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Battle to save world-famous tree collection threatened by lethal disease


The picturesque treescape of Castlewellan Forest Park

The picturesque treescape of Castlewellan Forest Park

The picturesque treescape of Castlewellan Forest Park

One of the most important tree collections in the world is under threat after a virulent fungal disease infected tens of thousands at Castlewellan Forest Park.

 The picturesque treescape of Castlewellan|Forest Park |david fitzgeraldBY LINDA STEWART




Around 25,000 Japanese larch trees are to be felled and 100 hectares of forest cleared after the highly infectious fungal pathogen Phytophthora ramorum — also known as Sudden Oak Death — swept through the forest.

The area of forest which is being cleared is bigger than the Titanic Quarter in Belfast.

Fears have now been raised over the danger to nearby Castlewellan Arboretum, a world-famous tree collection that dates back to 1740 and includes some 40 champion trees. Among the hundreds of rare and special trees are notable examples of cypress, spruce, podocarpus and juniper, with many species collected at the behest of Hugh Annesley, the 5th Earl, in the 19th century.

Local people have been battling to save the arboretum and the Annesley Garden, which has fallen into decline since the 1960s, but if the disease reaches the collection, it could be a fatal blow to their efforts.

The arboretum is the birthplace of the popular Castlewellan Gold variety of Leyland cypress, which originated from a single mutant tree in the collection.

Last night, South Down MP Margaret Ritchie said she would be concerned that such a major regional asset could be at risk.

“I have a particular interest in Castlewellan Arboretum and I would like to see it fully developed and fully sponsored by DARD. It holds lots of rare species and I honestly believe, along with the Arboretum Regeneration group, that it must be protected and developed,” she said.

Last night, Forest Service said it would be felling more than 100 hectares of forestry to curb the spread of the disease. Visitors will also be asked to undertake biosecurity measures.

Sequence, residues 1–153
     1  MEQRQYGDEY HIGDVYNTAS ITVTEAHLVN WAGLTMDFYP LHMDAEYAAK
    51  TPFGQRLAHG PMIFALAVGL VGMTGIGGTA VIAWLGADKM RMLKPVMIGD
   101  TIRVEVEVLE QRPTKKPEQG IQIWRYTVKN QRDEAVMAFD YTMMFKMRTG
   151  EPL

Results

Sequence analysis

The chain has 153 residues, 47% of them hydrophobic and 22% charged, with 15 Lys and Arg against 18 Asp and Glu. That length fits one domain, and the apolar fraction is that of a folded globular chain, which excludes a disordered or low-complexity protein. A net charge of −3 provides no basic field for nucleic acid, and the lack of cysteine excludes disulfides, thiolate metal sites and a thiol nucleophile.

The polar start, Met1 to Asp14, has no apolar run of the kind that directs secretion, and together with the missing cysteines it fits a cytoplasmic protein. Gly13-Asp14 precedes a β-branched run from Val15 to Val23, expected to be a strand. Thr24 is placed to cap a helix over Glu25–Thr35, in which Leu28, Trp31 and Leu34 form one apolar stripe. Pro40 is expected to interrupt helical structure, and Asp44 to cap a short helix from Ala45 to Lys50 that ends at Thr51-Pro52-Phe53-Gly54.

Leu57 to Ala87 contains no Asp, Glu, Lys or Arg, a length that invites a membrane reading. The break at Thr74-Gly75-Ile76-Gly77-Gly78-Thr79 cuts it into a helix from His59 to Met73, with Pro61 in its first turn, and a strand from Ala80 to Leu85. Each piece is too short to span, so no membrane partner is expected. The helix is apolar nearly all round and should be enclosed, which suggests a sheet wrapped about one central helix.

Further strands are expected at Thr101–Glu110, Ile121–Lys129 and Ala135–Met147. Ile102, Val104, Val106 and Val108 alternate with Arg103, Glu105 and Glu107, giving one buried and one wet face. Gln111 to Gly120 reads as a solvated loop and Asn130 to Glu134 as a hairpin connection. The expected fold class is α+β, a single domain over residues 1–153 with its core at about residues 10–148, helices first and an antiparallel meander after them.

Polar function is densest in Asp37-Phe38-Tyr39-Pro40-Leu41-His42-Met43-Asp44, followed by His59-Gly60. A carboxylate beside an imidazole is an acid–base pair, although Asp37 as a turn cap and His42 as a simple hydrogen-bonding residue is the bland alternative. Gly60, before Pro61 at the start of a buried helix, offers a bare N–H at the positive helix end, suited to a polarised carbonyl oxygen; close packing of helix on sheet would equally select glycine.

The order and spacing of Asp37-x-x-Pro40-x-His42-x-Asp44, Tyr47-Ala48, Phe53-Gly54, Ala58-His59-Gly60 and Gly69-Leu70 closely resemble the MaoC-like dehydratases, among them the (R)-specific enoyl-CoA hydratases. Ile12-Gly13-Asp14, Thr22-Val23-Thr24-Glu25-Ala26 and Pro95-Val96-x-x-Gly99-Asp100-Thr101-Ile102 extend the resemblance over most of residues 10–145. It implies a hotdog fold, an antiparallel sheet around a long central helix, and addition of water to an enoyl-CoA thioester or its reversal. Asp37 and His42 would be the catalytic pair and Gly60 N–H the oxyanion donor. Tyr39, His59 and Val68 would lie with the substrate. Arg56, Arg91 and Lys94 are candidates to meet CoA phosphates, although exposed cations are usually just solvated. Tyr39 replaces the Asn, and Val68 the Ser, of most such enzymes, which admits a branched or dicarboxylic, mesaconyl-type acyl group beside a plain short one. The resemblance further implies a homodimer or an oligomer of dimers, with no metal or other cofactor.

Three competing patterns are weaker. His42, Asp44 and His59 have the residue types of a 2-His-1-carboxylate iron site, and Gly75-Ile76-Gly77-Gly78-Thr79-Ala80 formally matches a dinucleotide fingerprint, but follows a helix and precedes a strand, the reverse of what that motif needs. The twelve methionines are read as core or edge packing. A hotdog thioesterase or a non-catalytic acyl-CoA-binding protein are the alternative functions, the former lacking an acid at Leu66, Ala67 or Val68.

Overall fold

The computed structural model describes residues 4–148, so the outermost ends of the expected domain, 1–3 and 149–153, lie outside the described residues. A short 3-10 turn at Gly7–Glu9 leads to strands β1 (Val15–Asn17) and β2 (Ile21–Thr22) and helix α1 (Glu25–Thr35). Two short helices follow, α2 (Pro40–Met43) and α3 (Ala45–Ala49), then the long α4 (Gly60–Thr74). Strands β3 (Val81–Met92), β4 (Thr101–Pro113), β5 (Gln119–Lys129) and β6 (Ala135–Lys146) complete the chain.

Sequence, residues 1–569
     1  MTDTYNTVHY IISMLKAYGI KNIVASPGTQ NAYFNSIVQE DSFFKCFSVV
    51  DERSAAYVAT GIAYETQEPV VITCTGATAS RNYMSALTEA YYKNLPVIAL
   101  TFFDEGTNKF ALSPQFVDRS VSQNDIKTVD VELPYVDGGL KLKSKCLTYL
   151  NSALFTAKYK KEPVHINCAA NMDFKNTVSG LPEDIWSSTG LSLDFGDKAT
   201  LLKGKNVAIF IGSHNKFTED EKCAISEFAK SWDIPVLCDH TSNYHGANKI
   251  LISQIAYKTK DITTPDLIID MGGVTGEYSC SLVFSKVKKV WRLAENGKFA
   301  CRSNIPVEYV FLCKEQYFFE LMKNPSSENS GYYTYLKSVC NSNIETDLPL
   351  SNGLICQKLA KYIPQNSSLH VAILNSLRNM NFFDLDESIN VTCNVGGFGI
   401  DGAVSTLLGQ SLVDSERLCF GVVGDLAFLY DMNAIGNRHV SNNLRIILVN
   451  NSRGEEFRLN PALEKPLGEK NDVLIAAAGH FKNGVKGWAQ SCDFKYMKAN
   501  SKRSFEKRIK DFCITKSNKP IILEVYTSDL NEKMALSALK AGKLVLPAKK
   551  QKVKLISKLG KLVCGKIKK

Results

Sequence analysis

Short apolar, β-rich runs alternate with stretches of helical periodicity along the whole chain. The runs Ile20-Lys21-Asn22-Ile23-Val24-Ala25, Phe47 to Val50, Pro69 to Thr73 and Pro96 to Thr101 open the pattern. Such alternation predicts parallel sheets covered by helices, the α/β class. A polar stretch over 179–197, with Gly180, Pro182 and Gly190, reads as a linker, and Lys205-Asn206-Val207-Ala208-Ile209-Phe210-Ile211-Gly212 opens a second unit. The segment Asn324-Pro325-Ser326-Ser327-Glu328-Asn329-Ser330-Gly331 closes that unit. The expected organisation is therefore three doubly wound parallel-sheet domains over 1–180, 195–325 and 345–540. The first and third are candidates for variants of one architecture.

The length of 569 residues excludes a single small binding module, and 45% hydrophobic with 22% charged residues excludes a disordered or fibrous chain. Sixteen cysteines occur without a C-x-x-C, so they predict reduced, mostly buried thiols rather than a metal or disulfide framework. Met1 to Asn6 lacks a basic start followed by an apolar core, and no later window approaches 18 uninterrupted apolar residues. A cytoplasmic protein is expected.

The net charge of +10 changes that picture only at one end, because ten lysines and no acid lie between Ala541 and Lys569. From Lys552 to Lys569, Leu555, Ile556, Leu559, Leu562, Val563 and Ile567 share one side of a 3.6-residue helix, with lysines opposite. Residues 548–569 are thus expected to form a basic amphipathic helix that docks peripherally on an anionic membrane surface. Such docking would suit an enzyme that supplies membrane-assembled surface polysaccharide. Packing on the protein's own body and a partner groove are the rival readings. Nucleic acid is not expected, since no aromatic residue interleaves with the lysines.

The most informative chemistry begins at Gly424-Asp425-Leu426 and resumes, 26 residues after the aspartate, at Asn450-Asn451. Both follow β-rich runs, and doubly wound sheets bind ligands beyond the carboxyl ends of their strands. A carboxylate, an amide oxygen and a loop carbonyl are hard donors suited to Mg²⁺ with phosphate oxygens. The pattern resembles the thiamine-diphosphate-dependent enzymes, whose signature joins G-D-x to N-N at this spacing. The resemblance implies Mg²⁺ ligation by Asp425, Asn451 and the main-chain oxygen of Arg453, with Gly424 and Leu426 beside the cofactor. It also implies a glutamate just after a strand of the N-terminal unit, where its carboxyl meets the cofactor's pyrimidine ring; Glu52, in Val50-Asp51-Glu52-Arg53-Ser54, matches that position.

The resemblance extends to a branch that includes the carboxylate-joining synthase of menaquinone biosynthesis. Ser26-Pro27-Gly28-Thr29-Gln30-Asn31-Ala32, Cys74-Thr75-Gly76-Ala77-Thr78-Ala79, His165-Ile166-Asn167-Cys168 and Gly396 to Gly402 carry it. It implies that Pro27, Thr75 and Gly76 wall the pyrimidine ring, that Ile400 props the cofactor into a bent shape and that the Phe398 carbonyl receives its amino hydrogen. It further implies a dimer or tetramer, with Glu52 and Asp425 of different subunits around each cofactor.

The disease was identified when many trees that were apparently healthy last autumn showed symptoms during the spring.

Many trees have already died and action to fell the trees is already under way.

Forest Service chief executive Malcolm Beatty said: “We are very disappointed about this outbreak in Castlewellan as it is further evidence that the disease is continuing to spread.”

He appealed to the public to help in the control of the disease, saying: “Castlewellan Forest Park remains open to visitors. However, visitors should follow the guidance on signs at the affected sites.

“It is especially important to avoid any action which could result in the movement of infected soil or plant parts to uninfected areas. Visitors are also urged to ensure their bicycles and footwear are free of any soil before visiting other areas. The disease presents no risk to humans or animals,” said Mr Beatty.

Hundreds of thousands of trees across Northern Ireland have been felled over the last few years after the disease was confirmed at 15 public forests and seven private forestry sites, with hotspots across the Antrim Plateau, near Carrickfergus and Tollymore.

Local councillor Eamonn O’Neill said he was “shocked” at the extent of the felling but acknowledged that Forest Service must do what it can to curb the spread.


e Phytophthora ramorum originated in south China. It can kill many tree species but appears to attack Japanese larch first. |It is very |infectious.

Belfast Telegraph